During that era, the Americans were largely spared from the widespread Day-Glo curse. Instead, the U.S. colors were loosely guided by the traditional red, white and blue theme. There were, however, exceptions, like the baby blue and maroon uniform that lasted one poma ride before resembling a used Handi-Wipe. And then there was the year of “HoJos,” when our teal and orange outfits were so similar to those of the roadside fast food and hotel chain that we would have looked more natural serving fried clams than skiing a flush.
Throughout the years, U.S. Ski Team members have been made to look like cartoon characters, space men, barber poles, Hell’s Angels and animals. And heck, we got off easy. Other national teams have suffered worse indignities in the name of fashion. The French “Bruise” suits, as the name indicates, made the wearers look more like survivors of war than competitors. The Russians finally scored a sponsor to provide a full line of race and training wear…all in hot pink. The Swedes once wore a banana-eating gorilla on their backs. And I don’t suppose the German men were especially pleased to be sporting flowers on their downhill suits. Marc Girardelli, Luxembourg’s one-man team, resembled a box of Marlboro cigarettes during the time he was sponsored by the tobacco company. And the Swiss, for years now, have been dressed to resemble a block of you-know-what cheese.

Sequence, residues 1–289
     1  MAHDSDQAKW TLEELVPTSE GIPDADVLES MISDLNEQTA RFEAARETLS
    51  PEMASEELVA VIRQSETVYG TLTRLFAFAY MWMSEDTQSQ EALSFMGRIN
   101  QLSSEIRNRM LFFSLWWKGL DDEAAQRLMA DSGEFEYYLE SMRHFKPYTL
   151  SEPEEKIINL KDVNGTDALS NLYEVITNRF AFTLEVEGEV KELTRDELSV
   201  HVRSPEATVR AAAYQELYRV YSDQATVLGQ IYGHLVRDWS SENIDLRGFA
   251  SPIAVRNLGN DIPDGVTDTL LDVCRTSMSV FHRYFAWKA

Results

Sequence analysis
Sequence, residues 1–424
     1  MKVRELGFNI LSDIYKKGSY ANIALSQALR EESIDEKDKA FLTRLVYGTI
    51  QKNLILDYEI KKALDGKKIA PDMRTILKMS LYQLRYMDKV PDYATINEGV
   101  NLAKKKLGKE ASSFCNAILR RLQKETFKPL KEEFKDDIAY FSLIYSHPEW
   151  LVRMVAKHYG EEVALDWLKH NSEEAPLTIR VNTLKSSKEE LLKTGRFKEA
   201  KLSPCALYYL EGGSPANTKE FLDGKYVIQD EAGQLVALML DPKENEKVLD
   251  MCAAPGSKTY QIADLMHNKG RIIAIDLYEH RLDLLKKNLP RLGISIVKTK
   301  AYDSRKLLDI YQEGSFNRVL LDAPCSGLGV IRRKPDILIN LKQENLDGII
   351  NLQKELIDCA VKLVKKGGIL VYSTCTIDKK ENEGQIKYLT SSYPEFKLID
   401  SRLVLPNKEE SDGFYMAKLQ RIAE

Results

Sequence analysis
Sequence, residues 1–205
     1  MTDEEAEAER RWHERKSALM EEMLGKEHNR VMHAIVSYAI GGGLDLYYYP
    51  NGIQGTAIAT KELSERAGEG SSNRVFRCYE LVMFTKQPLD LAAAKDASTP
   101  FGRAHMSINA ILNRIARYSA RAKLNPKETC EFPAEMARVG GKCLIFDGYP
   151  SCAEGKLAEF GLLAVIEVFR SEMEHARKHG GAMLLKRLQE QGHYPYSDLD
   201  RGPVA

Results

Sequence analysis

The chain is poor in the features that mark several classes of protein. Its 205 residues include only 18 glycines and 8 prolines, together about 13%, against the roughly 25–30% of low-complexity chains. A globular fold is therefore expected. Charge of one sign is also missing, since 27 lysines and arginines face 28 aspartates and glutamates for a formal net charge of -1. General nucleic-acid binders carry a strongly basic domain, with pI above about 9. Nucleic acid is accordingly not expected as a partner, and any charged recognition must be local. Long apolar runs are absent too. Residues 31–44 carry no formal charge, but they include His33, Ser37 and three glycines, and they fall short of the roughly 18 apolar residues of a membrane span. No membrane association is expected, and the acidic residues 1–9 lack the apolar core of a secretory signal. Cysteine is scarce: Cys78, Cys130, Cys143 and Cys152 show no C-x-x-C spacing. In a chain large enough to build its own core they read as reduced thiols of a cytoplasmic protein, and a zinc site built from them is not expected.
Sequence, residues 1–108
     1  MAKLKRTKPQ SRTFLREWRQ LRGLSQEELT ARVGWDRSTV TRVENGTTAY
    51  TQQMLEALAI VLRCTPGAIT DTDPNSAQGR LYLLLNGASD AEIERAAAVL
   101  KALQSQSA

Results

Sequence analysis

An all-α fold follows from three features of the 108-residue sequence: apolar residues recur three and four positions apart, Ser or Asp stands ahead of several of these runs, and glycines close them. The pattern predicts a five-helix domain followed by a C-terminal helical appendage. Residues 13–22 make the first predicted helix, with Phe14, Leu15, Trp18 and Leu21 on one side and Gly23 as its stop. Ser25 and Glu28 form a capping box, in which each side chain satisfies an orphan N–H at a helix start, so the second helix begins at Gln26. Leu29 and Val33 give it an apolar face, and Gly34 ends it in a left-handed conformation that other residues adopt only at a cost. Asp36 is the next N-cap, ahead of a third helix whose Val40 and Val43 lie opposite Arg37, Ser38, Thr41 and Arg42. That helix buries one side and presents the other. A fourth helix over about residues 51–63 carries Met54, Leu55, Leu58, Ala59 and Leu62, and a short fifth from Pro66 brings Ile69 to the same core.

One matter of style is consistent for all teams. As amateur rules were relaxed, the number and size of the sponsors’ logos increased. Uniforms became billboards, stiff and heavy with the biggest patches they could bear. And every photo op became a study in sponsor alignment. One of the strangest logo placements came during the 1991 season, when U.S. Skki Team speed suits featured sponsor Gore-Tex plastered over one knee. At the same time, team doctors were experimenting-unsuccessfully-with using Gore-Tex to repair the torn knee ligaments of injured U.S. skiers.
Style and taste weren’t the only things to be compromised. Sometimes the latest, greatest clothing was also a prototype, still in the early R&D phases. We had, on occasion, rain suits that were sieves; Velcro that attached itself to any exposed clothing and hair; drawstrings that whipped your face raw in one high-speed run; zippers that exploded when brushed by a gate; outerwear made of a material guaranteed to be warm and dry but that allowed little movement; and all manner of features that weren’t quite resolved.